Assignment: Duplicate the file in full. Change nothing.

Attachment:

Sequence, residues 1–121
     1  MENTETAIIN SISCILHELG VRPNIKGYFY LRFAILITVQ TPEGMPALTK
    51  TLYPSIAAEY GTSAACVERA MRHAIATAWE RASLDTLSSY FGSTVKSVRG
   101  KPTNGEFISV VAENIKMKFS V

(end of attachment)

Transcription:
Sequence, residues 1–121
     1  MENTETAIIN SISCILHELG VRPNIKGYFY LRFAILITVQ TPEGMPALTK
    51  TLYPSIAAEY GTSAACVERA MRHAIATAWE RASLDTLSSY FGSTVKSVRG
   101  KPTNGEFISV VAENIKMKFS V